In this paper, we describe the SWARM course. SWARM was designed for Honor Senior students to learn and practice secure wireless communication in the setting of rescue mission type of applications [1]. The theoretical component of the course covers aspects such as cryptography, security protocols, and wireless communication protocols. On the practical side, the students’ teams design a system composed of a smartphone, a sensor network, 2-3 robots controlled through a multi-hop network, and compete for quickly localizing an object that periodically transmits a beacon message.

A large portion of security vulnerabilities result from mistakes in the design or code of software systems. To address this problem, secure development lifecycle practices have been introduced into the software engineering curriculum at five different universities. Each phase of the software development lifecycle has been modified in at least one university to incorporate security. This paper provides a survey of practices involved in the secure development lifecycle and describes how these practices can be introduced into the software engineering curriculum. Each contributor discusses his or her experiences and challenges while integrating security into one phase of the software development process.

First defenders (system and network administrators) can significantly benefit from an educational foundation that helps enterprise networks survive the challenges found in today’s Internet. The Survivability and Information Assurance Curriculum, created by the CERT® Program1, a part of the Software Engineering Institute (SEI), provides such a foundation. This paper describes this freely available curriculum.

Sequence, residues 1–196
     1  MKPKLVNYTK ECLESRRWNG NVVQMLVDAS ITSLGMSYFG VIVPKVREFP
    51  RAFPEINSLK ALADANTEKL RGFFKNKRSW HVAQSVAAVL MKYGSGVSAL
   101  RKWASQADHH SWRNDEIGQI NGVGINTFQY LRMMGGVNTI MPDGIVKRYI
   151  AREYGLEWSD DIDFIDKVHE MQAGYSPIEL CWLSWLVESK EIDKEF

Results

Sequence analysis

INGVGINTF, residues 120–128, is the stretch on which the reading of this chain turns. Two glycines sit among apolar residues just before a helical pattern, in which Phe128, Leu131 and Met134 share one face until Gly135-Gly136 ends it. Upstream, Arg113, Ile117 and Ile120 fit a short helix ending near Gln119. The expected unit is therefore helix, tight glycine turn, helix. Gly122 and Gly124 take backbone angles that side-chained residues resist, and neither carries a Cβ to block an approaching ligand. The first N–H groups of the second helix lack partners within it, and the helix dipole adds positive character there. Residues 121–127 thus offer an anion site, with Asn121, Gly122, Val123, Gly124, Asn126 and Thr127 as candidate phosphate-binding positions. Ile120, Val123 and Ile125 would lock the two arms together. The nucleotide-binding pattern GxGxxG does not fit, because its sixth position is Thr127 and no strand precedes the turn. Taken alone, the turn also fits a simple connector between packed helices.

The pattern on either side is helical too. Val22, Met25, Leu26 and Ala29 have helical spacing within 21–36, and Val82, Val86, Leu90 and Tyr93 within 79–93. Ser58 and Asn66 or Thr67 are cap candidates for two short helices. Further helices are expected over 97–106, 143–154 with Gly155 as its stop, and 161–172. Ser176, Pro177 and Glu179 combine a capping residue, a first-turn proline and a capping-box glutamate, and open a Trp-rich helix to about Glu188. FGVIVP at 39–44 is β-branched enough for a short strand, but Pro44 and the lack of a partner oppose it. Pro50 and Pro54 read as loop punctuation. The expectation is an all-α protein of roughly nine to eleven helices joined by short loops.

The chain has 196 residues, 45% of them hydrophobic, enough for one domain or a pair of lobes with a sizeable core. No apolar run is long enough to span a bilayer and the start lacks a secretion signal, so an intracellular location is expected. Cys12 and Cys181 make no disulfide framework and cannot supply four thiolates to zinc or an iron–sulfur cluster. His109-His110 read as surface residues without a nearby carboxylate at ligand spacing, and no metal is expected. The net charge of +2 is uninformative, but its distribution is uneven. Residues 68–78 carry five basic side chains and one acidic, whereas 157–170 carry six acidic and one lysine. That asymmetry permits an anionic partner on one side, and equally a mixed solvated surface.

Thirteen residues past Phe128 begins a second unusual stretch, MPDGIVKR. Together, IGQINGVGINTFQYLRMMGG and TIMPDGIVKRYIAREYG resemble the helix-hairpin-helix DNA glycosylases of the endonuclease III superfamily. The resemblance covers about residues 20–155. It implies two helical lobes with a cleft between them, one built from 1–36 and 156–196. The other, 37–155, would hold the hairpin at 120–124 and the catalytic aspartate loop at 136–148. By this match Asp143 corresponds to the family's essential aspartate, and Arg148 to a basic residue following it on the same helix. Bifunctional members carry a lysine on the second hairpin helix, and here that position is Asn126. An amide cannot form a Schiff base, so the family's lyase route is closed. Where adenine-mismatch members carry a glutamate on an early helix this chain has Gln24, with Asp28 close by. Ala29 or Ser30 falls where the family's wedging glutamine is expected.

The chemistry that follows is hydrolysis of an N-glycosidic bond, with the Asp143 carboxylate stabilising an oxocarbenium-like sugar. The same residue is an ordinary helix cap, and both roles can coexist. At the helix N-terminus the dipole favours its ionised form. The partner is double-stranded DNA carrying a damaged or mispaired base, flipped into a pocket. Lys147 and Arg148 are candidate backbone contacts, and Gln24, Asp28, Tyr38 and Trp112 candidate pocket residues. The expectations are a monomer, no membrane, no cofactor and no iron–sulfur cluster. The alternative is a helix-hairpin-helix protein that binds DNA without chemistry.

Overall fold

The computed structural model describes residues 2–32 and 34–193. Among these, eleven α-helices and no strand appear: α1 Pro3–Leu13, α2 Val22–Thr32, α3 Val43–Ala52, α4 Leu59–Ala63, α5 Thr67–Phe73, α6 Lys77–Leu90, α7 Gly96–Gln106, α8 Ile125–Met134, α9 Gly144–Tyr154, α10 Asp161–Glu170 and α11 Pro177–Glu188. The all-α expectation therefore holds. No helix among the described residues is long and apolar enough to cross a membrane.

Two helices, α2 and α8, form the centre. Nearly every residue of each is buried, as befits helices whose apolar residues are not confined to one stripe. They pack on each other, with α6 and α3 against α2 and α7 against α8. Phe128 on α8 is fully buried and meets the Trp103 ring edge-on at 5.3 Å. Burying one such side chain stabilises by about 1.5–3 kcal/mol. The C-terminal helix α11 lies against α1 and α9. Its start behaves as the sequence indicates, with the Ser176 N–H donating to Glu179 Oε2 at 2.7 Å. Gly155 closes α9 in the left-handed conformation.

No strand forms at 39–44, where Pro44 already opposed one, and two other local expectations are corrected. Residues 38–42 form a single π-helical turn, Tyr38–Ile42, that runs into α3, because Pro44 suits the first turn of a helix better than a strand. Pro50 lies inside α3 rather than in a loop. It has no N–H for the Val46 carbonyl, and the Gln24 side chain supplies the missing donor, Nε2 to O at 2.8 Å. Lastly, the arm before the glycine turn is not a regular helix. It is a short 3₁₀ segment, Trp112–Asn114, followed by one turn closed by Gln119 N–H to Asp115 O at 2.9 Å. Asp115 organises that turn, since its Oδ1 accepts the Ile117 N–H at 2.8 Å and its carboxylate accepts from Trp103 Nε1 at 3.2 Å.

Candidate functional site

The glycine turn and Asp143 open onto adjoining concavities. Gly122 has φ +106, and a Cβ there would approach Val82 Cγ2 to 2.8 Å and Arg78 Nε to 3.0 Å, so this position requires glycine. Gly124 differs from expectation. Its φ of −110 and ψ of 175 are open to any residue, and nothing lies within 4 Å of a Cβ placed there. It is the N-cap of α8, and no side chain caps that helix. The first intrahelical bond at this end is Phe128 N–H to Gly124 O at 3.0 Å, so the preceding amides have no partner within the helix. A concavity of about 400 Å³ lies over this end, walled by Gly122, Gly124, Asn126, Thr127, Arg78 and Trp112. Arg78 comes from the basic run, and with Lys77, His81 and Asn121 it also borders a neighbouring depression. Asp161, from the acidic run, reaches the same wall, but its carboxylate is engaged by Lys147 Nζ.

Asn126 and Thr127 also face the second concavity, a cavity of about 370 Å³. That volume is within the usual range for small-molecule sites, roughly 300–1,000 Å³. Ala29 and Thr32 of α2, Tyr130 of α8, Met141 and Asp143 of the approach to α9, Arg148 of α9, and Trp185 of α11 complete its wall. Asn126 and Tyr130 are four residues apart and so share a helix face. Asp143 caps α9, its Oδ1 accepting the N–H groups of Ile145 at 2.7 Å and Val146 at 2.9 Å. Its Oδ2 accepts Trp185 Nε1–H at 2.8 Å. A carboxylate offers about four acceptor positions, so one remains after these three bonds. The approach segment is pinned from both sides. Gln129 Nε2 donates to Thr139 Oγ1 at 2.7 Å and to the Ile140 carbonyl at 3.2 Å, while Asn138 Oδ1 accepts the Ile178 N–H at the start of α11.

In 2004 a workshop was held in San Antonio, TX to discuss the possibility of establishing a national collegiate cyber security competition. Academicians and students from across the nation were invited to share their ideas on how such a competition should be conducted. The final report from this workshop included a number of recommendations and described a general consensus among the participants that such an event should be pursued. Several participants from the Texas school presents agreed to develop a regional competition which was held in March of 2005.

The recently proposed Secure Software Assurance Common Body of Knowledge is a first effort at collecting information about security-enhanced programming and systems development. One of its stated goals is to drive curriculum development in academic institutions. This paper analyzes the SwACBK’s usefulness in programs for advanced undergraduate and graduate education, and offers suggestions for strengthening it.

This paper describes a comprehensive threat model for a new breed of threats based on XML content, including XML languages used in the Service Oriented Architecture (SOA) paradigm such as SOAP [6] and the Web Services Description Language [11]. In addition to defining a new threat model, this paper compares it to a more traditional network security threat model, by defining it in terms of the network stack. This document also illustrates the concept of XML Intrusion Prevention (XIP) as an analog to traditional network-based intrusion prevention.

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